RABAT, Morocco (AP) — The game was sparsely attended; it was midweek and the outcome wasn’t much in doubt: the Association Sportive des Forces Armees Royales, a powerhouse in women’s soccer here, ended up crushing its Moroccan women’s national professional league opponent 7-0. Regardless, one young fan in the stands was excited from the get-go.
RABAT, Morocco (AP) — The game was sparsely attended; it was midweek and the outcome wasn’t much in doubt: the Association Sportive des Forces Armees Royales, a powerhouse in women’s soccer here, ended up crushing its Moroccan women’s national professional league opponent 7-0.
Regardless, one young fan in the stands was excited from the get-go.
Wearing her hair in half-up pigtails and dressed in a jersey reading “Morocco” in Arabic, 5-year-old Aliae Benazzouza descended to the pitch to meet the players. A favorite of hers, Fatima Tagnaout, who plays for Morocco’s national women’s team and for the armed forces team known as ASFAR, embraced Aliae and held her hand as they posed for photos. Aliae waved at another player, calling her name. During the game, she would make her way to the front of the stands, pressing against a rail, for a better view.
“I was very happy,” Aliae said. Her mom, Souad El Khorchef, a teacher, said her daughter peppered her with kisses afterward in thanks for taking her to the game and asked to practice soccer. El Khorchef told her that is possible when she’s older.
After years largely in the margins, Moroccan women’s soccer is gaining new ground at home and beyond, capturing the imagination of some girls like Aliae, winning the hearts and minds of more parents, and chipping away at a traditional view of soccer as a men’s game. Morocco’s national team, the Atlas Lionesses, will make its debut this month at the FIFA Women’s World Cup, the first to qualify from the Arab world, where many are wild for the men’s game.
“I teach (my daughters) confidence, not fear,” said Idriss Benazzouza, Aliae’s father. “I plant in them the spirit of soccer, the spirit of sports. Sports don’t differentiate between genders.”
He said the Lionesses’ achievement “shows how women’s soccer has progressed” in the North African country, filling him with joy. He added, though, that not everyone he knows shares his enthusiasm due to conservative views or to religious beliefs against women wearing shorts.
The national team’s upcoming Women’s World Cup appearance follows their male counterpart’s history making feat as the first African or Arab team to reach the World Cup semifinals. Last year’s run galvanized support from other Arab countries.
Morocco’s 2022 hosting of the Women’s Africa Cup of Nations drew large numbers of spectators and catapulted the country to the upcoming global tournament in Australia and New Zealand. It marked a watershed moment, soccer officials and players say.
“The qualification of the women’s team for the finals at the Africa Cup of Nations, the media momentum and the wide audience that followed … breathed new life into women’s soccer in Morocco,” Khadija Illa, president of the national women’s soccer league, told The Associated Press. “We now see families bring their children, … their daughters, to play soccer.”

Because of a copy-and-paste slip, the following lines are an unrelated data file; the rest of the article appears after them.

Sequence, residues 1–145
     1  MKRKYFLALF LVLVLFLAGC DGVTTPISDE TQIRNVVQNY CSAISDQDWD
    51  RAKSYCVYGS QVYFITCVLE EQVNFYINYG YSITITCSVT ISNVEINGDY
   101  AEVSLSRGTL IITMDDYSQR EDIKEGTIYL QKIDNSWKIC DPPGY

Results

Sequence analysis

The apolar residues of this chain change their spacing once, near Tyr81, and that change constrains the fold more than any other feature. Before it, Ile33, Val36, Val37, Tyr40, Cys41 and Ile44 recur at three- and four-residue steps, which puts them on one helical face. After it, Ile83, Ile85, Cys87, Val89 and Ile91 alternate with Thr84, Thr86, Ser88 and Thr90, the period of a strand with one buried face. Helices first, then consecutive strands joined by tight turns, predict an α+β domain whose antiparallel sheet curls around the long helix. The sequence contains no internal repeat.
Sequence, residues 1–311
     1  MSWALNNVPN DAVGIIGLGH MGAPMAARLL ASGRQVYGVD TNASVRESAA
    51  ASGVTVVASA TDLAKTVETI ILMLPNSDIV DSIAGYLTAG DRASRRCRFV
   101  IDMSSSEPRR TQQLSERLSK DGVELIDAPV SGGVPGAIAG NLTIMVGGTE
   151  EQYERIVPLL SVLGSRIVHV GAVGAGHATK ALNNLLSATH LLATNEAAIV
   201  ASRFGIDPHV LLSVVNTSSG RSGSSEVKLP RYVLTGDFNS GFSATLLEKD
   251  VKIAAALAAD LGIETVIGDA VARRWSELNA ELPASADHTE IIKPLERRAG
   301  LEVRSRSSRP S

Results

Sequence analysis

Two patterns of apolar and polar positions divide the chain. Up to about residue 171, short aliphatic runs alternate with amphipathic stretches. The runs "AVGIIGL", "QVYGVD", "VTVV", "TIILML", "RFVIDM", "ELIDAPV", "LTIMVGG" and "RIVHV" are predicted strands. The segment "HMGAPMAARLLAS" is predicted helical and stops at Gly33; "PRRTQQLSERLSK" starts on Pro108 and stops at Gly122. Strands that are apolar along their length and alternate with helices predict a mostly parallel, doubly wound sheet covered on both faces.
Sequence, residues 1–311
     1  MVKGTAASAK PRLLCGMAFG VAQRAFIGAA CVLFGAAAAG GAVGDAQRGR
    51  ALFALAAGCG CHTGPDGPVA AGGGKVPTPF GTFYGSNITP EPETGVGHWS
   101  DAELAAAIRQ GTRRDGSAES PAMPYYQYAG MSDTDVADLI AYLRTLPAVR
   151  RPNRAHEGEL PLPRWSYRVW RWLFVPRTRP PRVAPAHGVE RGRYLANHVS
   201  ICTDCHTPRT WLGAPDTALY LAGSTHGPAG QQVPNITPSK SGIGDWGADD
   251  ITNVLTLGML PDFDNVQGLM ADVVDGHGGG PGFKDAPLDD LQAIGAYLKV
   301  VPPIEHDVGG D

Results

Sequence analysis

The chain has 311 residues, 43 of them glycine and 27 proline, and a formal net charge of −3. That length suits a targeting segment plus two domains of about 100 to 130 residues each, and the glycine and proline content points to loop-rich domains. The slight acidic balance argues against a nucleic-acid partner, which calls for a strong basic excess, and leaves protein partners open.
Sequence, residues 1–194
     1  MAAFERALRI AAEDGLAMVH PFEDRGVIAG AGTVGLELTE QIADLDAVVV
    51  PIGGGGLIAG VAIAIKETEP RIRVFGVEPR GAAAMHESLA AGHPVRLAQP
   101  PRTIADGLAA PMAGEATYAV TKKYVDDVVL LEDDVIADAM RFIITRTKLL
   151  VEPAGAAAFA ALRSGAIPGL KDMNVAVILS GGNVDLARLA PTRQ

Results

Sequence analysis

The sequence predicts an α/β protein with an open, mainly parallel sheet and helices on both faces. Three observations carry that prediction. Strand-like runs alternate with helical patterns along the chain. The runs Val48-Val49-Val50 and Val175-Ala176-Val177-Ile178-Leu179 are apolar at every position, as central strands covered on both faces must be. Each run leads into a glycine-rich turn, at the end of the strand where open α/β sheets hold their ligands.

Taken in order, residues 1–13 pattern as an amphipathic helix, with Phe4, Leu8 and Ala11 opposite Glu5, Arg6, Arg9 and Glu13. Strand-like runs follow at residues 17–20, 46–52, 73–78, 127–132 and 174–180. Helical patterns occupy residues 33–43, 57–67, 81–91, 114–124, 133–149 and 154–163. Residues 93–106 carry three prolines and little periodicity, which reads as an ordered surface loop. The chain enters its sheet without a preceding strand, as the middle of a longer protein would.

The on-the-pitch victories, she said, were the culmination of efforts by the Royal Moroccan Football Federation to develop soccer, including for women. Female players and teams traditionally suffered from neglect here and in the Arab world.
It wasn’t an easy path, Illa said.
“Everything related to women requires struggling for,” she said. “We’re not 100% where we want to be, but we have put sound structures in place.”
Those include hiring Atlas Lionesses’ coach Reynald Pedros and moves in recent years by the Moroccan federation to support women’s clubs with such things as salaries and buses. Financial assistance was part of an agreement announced in 2020 for the growth and professionalization of female soccer; goals included establishing a national under-17 championship and increasing the number of female players.
“There’s no success without financial support,” Illa said. “Everyone played before but they played without enthusiasm. … When they realized that soccer can also become a career, the appetite has increased.” Still, she said, large salary gaps exist between male and female players at Moroccan clubs, adding, “We’re still at the beginning of the road.”
She cited a sports-study program that searches for youthful talent, houses girls who qualify and provides them with schooling and soccer practice. It’s funded by the Royal Moroccan Football Federation and has produced such players as Tagnaout, Illa said.
Bahya El Yahmidi, who oversees women’s soccer at ASFAR, said with more victories, attitudes have been evolving.
“In the beginning, there was such talk as ‘You belong in the home or in the kitchen’ … or girls would wait for their fathers or brothers to leave before they could sneak out to play,” she said. “But later, a brother would come with his sister, a father with his daughter.”
In developing women’s soccer at ASFAR, the club provided players with “financial and moral stability,” which has encouraged more to join, she said.
Atlas Lionesses’ and ASFAR player Ghizlane Chebbak, named player of the tournament in the 2022 Women’s Africa Cup of Nations, is increasingly seeing the star power she and some of her peers are enjoying in the eyes of young fans.
She recalled a girl sobbing uncontrollably, emotional that she encountered Chebbak and other players. That girl, she said, ended up joining ASFAR.
“It made us feel that we have actually made it to the hearts of young children,” Chebbak told the AP.
When she was young, Chebbak would hear neighbors telling her mother not to let her play with the boys. She felt lucky that her family, including her late father who was a soccer player himself, backed her.